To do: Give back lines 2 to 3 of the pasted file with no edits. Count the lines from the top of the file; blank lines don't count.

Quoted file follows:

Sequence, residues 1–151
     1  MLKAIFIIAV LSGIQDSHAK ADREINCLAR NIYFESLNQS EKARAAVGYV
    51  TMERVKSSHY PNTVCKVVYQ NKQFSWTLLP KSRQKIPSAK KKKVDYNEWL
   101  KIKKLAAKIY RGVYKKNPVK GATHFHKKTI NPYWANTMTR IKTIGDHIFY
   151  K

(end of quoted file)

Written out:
     1  MLKAIFIIAV LSGIQDSHAK ADREINCLAR NIYFESLNQS EKARAAVGYV
    51  TMERVKSSHY PNTVCKVVYQ NKQFSWTLLP KSRQKIPSAK KKKVDYNEWL